• The Dream of Reason, New Edition

  • A History of Western Philosophy from the Greeks to the Renaissance
  • By: Anthony Gottlieb
  • Narrated by: Anthony Gottlieb
  • Length: 19 hrs and 11 mins
  • 4.6 out of 5 stars (47 ratings)

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Publisher's Summary

Already a classic, this landmark study of early Western thought now appears in a new edition with expanded coverage of the Middle Ages.

In The Dream of Reason, Anthony Gottlieb looks afresh at the writings of the great thinkers, questions much of conventional wisdom, and explains his findings with unbridled brilliance and clarity. From the pre-Socratic philosophers through the celebrated days of Socrates, Plato, and Aristotle, up to Renaissance visionaries like Erasmus and Bacon, philosophy emerges here as a phenomenon unconfined by any one discipline. Indeed, as Gottlieb explains, its most revolutionary breakthroughs in the natural and social sciences have repeatedly been co-opted by other branches of knowledge, leading to the illusion that philosophers never make any progress.

From the physics of angels to Umberto Eco's The Name of the Rose, Gottlieb builds through example and anecdote a vivid portrait of the human drive for understanding. After finishing The Dream of Reason, listeners will be graced with a fresh appreciation of the philosophical quest, its entertaining and bizarre byways, and its influence on every aspect of life.

©2016 Anthony Gottlieb (P)2019 Blackstone Audio, Inc.

What listeners say about The Dream of Reason, New Edition

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    3 out of 5 stars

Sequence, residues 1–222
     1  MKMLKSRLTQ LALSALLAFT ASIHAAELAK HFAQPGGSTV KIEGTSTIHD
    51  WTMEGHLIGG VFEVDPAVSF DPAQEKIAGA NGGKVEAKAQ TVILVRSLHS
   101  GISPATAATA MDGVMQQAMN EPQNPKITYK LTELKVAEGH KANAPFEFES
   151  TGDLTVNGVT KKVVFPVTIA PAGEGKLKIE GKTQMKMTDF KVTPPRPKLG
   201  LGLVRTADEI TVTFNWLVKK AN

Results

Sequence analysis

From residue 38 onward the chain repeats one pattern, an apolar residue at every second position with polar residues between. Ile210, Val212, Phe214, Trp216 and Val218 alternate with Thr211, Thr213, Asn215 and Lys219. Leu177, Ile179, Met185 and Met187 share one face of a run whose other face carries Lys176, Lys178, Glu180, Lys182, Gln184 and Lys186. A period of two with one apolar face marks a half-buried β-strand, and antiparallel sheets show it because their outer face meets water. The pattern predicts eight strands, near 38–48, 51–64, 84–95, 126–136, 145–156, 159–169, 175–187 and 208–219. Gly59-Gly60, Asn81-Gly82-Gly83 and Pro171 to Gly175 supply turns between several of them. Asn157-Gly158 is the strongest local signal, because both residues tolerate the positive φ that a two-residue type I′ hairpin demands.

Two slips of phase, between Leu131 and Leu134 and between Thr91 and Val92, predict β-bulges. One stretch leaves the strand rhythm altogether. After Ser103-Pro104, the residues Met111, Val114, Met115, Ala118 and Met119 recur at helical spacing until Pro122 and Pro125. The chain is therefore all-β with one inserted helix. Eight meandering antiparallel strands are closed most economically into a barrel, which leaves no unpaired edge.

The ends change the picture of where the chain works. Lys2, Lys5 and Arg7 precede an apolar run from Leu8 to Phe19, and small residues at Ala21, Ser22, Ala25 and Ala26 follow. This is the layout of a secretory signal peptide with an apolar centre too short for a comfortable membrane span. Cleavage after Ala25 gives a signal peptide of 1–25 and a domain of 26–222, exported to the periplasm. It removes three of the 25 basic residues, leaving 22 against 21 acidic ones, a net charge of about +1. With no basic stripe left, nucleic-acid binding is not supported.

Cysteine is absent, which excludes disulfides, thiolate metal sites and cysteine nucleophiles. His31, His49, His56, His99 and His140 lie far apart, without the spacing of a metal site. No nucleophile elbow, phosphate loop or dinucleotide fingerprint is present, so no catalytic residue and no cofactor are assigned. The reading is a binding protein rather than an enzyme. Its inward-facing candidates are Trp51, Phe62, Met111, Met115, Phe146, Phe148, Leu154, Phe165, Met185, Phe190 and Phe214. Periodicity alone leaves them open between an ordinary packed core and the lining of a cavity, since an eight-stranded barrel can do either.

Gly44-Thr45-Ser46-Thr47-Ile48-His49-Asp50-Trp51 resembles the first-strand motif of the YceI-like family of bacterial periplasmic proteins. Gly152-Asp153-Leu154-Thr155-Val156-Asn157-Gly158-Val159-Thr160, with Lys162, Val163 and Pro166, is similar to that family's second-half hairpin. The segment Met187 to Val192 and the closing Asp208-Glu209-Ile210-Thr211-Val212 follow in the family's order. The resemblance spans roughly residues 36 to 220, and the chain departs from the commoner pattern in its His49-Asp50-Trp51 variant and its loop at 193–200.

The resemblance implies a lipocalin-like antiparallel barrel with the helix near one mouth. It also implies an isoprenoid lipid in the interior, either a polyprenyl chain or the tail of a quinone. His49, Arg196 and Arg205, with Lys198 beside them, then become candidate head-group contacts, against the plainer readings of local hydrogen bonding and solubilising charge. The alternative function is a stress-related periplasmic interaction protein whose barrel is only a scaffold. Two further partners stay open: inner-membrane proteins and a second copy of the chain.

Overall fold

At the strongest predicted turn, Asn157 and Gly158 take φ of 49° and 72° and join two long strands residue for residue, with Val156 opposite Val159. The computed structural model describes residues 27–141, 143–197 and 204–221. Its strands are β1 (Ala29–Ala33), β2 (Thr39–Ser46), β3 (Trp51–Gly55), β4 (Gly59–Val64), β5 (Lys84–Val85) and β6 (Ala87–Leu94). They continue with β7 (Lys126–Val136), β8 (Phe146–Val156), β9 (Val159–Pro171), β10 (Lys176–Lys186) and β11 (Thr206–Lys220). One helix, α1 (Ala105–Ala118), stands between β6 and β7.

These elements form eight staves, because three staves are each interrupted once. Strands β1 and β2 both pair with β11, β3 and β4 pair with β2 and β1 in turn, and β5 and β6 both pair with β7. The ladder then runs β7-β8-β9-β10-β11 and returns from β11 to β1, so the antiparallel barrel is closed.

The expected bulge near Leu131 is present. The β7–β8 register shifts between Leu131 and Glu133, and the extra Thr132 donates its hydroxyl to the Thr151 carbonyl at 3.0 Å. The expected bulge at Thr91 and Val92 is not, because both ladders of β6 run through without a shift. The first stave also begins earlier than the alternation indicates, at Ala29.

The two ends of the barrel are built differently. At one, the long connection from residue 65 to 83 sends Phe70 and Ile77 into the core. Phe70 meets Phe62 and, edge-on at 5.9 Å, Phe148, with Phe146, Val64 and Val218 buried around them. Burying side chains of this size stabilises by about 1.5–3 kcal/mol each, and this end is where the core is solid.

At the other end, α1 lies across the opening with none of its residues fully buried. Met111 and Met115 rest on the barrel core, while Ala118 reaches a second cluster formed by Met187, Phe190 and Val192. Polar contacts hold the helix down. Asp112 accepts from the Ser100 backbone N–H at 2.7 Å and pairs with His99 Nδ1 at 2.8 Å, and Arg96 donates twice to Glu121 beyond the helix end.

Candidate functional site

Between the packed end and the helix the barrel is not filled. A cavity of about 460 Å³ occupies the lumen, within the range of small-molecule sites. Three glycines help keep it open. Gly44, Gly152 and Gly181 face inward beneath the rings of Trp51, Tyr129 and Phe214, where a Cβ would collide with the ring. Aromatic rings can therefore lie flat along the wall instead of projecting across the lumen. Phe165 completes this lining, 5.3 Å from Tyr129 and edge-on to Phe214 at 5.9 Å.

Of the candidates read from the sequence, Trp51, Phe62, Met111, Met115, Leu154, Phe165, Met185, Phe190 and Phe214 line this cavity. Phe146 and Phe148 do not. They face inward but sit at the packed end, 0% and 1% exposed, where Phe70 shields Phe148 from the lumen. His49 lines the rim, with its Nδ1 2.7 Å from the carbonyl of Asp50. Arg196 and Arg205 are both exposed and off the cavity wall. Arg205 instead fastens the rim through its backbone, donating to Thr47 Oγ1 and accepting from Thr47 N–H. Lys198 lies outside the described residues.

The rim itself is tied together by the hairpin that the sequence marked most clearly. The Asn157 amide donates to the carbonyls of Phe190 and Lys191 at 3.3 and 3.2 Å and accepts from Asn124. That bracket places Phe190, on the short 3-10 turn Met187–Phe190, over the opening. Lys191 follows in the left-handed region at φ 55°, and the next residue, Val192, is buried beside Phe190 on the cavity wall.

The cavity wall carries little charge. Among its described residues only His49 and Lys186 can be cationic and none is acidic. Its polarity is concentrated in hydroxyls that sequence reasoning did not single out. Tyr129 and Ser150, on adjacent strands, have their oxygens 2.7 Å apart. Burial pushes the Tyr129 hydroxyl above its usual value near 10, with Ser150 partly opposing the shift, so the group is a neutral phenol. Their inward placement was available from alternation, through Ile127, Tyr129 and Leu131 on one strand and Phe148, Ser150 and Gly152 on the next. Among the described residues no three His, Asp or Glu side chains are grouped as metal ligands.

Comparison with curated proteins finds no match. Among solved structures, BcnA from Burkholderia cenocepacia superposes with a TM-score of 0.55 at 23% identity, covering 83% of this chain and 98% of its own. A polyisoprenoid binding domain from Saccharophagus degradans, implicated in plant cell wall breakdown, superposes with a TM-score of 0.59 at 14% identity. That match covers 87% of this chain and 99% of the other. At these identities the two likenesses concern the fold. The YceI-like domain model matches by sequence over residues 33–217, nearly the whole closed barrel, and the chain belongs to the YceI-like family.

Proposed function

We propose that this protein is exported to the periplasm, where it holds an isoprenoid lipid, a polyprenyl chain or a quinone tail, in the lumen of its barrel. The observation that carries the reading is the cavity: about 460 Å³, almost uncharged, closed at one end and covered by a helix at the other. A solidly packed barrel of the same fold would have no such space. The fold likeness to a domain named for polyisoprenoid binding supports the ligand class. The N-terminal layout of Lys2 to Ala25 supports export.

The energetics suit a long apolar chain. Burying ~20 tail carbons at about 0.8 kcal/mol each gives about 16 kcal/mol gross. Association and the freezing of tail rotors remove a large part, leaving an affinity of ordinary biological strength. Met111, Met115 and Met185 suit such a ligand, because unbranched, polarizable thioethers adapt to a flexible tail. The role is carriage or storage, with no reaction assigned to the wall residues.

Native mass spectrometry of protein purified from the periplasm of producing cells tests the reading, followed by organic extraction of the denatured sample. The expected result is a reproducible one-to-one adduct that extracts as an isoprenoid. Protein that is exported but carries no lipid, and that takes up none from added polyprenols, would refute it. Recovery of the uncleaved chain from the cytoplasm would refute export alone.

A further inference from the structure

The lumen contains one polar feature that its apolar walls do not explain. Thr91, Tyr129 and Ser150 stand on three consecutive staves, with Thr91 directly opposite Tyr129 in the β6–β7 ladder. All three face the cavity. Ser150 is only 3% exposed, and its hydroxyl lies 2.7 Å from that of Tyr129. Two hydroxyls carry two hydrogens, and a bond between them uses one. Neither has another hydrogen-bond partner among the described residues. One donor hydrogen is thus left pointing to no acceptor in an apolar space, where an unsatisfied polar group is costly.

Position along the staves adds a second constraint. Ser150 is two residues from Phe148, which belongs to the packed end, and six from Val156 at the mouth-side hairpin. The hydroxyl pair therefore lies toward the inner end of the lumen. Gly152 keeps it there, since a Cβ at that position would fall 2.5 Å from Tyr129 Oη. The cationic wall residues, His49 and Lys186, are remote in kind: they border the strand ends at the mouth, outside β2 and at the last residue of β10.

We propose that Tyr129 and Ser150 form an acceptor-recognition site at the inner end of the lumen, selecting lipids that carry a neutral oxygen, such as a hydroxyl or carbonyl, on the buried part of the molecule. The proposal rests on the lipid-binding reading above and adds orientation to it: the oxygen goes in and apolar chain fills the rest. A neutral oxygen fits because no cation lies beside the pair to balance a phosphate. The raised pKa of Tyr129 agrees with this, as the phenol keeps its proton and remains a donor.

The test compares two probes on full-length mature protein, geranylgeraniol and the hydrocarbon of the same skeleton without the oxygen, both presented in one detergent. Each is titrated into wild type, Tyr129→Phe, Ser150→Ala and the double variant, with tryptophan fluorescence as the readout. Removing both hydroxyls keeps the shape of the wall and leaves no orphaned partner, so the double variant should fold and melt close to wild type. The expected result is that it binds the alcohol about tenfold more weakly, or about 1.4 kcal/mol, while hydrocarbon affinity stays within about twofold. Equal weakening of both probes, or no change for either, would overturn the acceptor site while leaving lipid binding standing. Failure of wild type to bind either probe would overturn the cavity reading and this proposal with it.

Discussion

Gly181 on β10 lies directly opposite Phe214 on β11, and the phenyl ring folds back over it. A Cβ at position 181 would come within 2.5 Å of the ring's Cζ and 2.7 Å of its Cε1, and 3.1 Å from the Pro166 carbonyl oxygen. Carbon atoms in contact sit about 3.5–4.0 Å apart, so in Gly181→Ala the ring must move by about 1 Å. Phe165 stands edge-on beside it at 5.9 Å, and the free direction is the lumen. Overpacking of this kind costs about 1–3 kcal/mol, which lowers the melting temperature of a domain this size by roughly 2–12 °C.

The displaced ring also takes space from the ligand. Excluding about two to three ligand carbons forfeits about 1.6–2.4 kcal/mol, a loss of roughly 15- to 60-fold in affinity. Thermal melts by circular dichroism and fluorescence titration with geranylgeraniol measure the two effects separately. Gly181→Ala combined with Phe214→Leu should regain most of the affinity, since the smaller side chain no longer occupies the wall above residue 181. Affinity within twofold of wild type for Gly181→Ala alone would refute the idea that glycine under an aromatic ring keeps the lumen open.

Bias spoils the work.

The scholarly desire to appear objective is not enough to obscure the anti-religious bigotry. For example, he abruptly dismisses the ontological argument as fallacious without doing justice at all the subtle nature of the issues or the weight on both sides. One would get a more fair rendering on some atheist youtube videos...Or that the problem with describing angelic forms in medieval discourse is not found with forms so much as belief in angels. The tone is as one sided as Bertrand Russel's work, which he seems to hold up on a pedestal. Unfortunately, the work fails to do justice to philosophical endeavor, its highlights or its spirit, being weighed down by the biases of the author and fogged by the lens of twentieth century academic condescension.

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Bogs Down with Interminable Chapters

Anthony John Gottlieb, likely has a vocabulary of 50,000 words. However, succinct is not one of them. The book is divided into three parts, Part 1 Pre-Socratics, Part 2 Socrates - Plato and Aristotle, and Part 3 post Aristotle. Part 1 moves quickly. Parts 2 and 3 are bogged down in avoidable details. The deluge of data causes three chapters to approach 3 hours in length. The old saying, sometime you can be data rich and information poor applies here.

The author’s knowledge of the subject is undeniable but he stumbles into rabbit holes that he cannot self-extricate from. The reader would have been better served if Mr Gottlieb had done a better job of pairing down subjects into more isolated topics. By making the chapters shorter with adherence to single theme, the study would have improved. It is good material but it is a slog through Parts 2 & 3.

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Engagingly written, fun, worth it

Heavy in Greek and ancient philosophy of the west. Very light in medieval philosophy. Overall; decently organizing, but sometimes circular and difficult to follow. Great narrator. Enjoy.

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I enjoyed the enlightenment more

I enjoyed his 2nd book “the dream of enlightenment” so much more. This was good, that was great!

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  • mjh
  • 04-03-19

Best Introduction to the History of Philosophy

If you are interested in learning more about philosophy, I would definitely recommend these books . They really come alive being read by the author. Hopefully the 3rd of the series is on the way :-)